All posts by Metro New York

Metro is published in more than 100 major cities across Europe, North & South America and Asia. Metro has a unique global reach — attracting a young, active, well-educated metropolitan audience of more than 18 million daily readers. Metro is a free daily newspaper written and designed for young and ambitious professionals. Designed for a 20-minute read, the paper gives metropolitans all they need to know, Monday through Friday, during their morning commutes. Local, national and international news and colorful features are presented without any bias, but showcase a proudly urban attitude and style.

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Image via Spin

With other bikeshares champing at the bit to get their wheels on the ground in Citi Bike’s exclusive territory in New York City, the Department of Transportation appears open to adding dockless options for cyclists. “DOT is evaluating the viability of the newest bike-sharing technology in order to expand the system,” the agency said in a statement. “This includes meeting with the industry, though our immediate focus remains on the continued expansion of (Citi Bike’s) Phase II, which is ongoing.”

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A guide to 2017’s holiday window displays in NYC

By Metro New York, Tue, November 28, 2017

Last year’s window display at Saks Fifth Avenue, photo by Matt Kieffer/Flickr

One of New York City’s best-loved holiday traditions is the over-the-top holiday windows that glitter like larger-than-life ornaments. Department stores spend up to 10 months crafting, decorating and adding high-tech magic to displays that celebrate the city, bring beloved holiday stories to life or find enchanting ways to showcase their seasonal collections.

Most of the windows are located along Fifth Avenue from 38th to 58th streets, except for Macy’s, Bloomingdale’s and the two Barneys stores. Most are on view through Jan. 1, 2018, and we’ve got your guide to the best displays.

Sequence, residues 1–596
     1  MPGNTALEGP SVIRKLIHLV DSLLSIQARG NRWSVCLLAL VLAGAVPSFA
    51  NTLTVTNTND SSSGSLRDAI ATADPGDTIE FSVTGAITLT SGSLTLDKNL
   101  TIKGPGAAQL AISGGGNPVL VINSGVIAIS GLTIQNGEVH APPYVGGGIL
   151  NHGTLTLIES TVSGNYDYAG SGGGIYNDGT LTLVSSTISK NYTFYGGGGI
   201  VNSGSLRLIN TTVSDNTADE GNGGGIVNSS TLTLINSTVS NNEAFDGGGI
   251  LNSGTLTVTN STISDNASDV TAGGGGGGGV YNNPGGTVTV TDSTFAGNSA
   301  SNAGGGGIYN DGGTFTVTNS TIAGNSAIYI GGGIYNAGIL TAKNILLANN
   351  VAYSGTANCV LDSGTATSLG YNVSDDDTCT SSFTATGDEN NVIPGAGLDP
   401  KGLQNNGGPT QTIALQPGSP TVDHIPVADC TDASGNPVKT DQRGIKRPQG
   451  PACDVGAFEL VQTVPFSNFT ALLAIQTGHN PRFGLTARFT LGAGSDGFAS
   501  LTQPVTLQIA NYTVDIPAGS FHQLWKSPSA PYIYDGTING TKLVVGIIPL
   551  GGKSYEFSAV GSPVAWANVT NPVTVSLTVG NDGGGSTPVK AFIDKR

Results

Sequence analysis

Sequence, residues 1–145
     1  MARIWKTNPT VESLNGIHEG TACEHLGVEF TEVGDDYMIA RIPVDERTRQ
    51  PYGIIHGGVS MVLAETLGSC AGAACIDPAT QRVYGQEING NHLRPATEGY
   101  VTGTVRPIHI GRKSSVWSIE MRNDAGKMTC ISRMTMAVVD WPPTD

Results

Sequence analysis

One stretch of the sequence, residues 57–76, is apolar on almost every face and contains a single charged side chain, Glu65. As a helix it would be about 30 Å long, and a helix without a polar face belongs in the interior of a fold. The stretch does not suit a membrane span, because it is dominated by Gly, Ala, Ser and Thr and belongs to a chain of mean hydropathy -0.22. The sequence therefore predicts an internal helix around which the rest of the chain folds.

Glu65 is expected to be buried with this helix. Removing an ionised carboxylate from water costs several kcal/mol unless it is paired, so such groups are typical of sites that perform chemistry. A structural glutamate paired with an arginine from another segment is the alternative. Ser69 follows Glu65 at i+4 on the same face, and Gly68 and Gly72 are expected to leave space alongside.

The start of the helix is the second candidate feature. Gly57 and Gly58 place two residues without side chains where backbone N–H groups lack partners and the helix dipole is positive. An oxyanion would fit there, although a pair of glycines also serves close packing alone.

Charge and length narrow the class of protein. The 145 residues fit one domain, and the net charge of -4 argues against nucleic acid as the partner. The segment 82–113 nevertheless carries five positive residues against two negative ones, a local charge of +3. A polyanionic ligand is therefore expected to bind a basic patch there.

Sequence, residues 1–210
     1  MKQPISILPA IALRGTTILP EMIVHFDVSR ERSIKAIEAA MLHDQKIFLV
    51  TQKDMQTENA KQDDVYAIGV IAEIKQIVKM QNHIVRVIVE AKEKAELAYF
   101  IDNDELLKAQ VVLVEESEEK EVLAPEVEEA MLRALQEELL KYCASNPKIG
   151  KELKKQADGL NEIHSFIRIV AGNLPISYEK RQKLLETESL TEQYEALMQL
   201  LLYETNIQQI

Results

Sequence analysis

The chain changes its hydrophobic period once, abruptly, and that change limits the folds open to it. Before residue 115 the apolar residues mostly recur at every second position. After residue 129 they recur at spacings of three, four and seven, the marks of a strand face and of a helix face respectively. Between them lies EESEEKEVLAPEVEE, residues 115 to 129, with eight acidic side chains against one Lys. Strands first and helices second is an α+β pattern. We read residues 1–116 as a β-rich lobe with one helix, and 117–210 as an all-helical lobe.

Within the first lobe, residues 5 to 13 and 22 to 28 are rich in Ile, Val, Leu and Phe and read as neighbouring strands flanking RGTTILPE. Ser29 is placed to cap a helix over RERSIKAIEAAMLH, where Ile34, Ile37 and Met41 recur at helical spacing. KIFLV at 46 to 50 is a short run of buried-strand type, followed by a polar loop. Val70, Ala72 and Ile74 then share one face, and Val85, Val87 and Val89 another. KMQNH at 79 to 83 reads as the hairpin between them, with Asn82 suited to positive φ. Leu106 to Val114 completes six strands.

ALL THE BEST WINDOWS AT METRO NEW YORK….

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Macy’s is requiring reservations to visit Santa

By Metro New York, Mon, November 27, 2017

Photo via Macy’s

For years, kids (and adults) of all ages have looked forward to telling their Christmas wishes to Santa at Macy’s Santaland. But starting Monday, they’ll need to make a reservation to see Jolly Old Saint Nick on the eighth floor. “Santa’s a popular guy, so the wait times to meet him have been quite long in previous years, especially on our busiest days,” Macy’s wrote on its Santaland website. “The new reservation system is designed to minimize this by scheduling visitors to join the line at a time of your choice, allowing for the best possible holiday experience.”

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Mayor de Blasio releases four-year financial plan

By Metro New York, Wed, November 22, 2017

Photo via Office of the Mayor

Mayor Bill de Blasio released New York City’s November Financial Plan Update for fiscal year 2018 and an updated four-year financial plan on Tuesday. City spending, which increased by $47 million in fiscal year 2018 and $59 million in fiscal year 2019, is entirely offset by $234 million in new savings this fiscal year and $238 million of new savings and $123 million in pension savings next. New savings include debt service savings, health care savings, and agency adjustments. The vast majority of growth in the budget, which is now $85.99 billion in fiscal year 2018, is due to increases in federal funding for Superstorm Sandy recovery efforts and homeland security grants.

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nyc subway, subway, 34th street